Recently, anthropologist Jason Pine released his book – The Alchemy of Meth. It focused on the history of meth abuse in Missouri and beyond. According to Pine, the idea behind this book was to complicate the popular narrative that surrounds the drug. He wanted to show just how massive and messy the world of meth use is and how it affects the average person.
Drugs like heroin and crack cocaine have become relatively commonplace in urban America since the 1970s and 1980s, but meth has never really had that association with a specific location – it’s been everywhere. At first, one would usually find a meth lab on the fringes of populated areas where the people cooking the meth drug had enough privacy and space to do their business. As time passed and the government began to place restrictions on the bulk purchase of pseudoephedrine used to make meth, meth became harder to obtain, and meth labs reduced in number. This happened in 2006, and the number of meth lab seizures reduced in the two years following that year.
However, as is often the case in these situations, an alternative sprung up for making meth shake and bake. How do you make meth in this form, though? Shake, and bake was the result of a new recipe where the cooks could create the drug in small amounts in an empty bottle of soda. It was an incredibly tricky business because any mistake could have the bottle explode. Learning how to wash meth remnants was another tricky part, so it all required quite a bit of skill. However, it was also more convenient because these small portions could be cooked almost anywhere. It was the beginning of the transformation of meth from being just a rural drug to something that could be found almost anywhere.
Pine already began his research through this period, and by the early 2010s, when he was in the middle of it, more reports had started to spring up about meth houses. At this point, Missouri had the highest number of meth lab busts, and a particular county in the state, which Pine studied was known as the meth capital of the US. Meth thrived in Missouri in part due to the financial problems arising from the reduced number of factory jobs in the area. Citizens of the state started learning how to make methamphetamine in a bid to supplement their insufficient income, while some others used the drug personally as a performance enhancer. It helped them to work longer hours, and this was particularly useful for factory workers and other people that worked in the labor sector.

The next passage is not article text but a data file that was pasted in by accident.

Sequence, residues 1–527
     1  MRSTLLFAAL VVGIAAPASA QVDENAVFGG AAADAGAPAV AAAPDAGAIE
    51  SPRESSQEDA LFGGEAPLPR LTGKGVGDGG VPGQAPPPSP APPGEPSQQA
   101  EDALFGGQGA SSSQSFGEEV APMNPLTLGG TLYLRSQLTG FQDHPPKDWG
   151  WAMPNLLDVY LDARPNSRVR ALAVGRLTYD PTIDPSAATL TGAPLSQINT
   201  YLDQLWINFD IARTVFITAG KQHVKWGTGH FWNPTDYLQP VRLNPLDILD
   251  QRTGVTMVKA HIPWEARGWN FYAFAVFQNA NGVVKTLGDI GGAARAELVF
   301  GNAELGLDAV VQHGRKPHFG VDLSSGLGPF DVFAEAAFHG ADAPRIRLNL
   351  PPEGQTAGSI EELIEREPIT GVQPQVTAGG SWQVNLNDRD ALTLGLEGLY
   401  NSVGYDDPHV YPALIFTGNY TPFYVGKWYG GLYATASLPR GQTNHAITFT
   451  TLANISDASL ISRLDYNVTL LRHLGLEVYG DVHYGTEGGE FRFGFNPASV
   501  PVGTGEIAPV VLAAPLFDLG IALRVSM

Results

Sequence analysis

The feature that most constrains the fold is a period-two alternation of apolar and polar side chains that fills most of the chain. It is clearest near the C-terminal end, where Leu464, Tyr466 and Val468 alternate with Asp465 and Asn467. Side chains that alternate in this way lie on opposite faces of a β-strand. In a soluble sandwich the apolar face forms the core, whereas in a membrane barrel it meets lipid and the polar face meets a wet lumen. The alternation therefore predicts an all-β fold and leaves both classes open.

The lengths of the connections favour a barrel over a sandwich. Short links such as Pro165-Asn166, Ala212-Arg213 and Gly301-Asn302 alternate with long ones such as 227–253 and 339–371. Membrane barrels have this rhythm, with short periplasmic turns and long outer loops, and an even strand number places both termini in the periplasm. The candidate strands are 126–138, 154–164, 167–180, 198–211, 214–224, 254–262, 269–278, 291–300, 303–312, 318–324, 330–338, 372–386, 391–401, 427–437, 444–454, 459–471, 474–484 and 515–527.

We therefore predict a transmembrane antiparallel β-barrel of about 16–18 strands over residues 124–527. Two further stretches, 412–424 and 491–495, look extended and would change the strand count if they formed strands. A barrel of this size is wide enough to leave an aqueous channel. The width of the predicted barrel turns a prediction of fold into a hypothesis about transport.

Through the course of his study, Pine met and followed the lives of a number of meth abusers. There was a particularly interesting case of a boy whose drug abuse started form taking his father’s prescription medication at the age of 9. By 2004, this boy – Ray – had learned how to make meth and started cooking.
Pine also uncovered some information about the pharmacies that sold materials needed to cook meth to people in the area. He found that some stores provided materials for people learning how to cook meth. The relative ease of cooking the drug had made it a lot easier for this to happen because the most basic, unsuspicious objects such as aluminum foil, bottles, camping stove and, cold tablets could be used in the process of cooking meth.
Since Jason Pine concluded his research on American meth labs in the country, meth lab seizures have once again plunged – even more so in the state of Missouri. As recently as 2017, Michigan represented the major point of meth busts in the country, taking over from Missouri in 2015. These stats may be a little misleading, though, because they rely on the fact that cases are reported accurately and in a timely manner.
Summarily, cooking meth in rural areas seems to be on the decline, although this has not necessarily slowed down the rate of abuse. The rural meth labs have only been replaced by Mexican drug cartels. The government still has a major problem to focus attention and resources on, and the fight to shut down the meth epidemic in the country is still very much in play.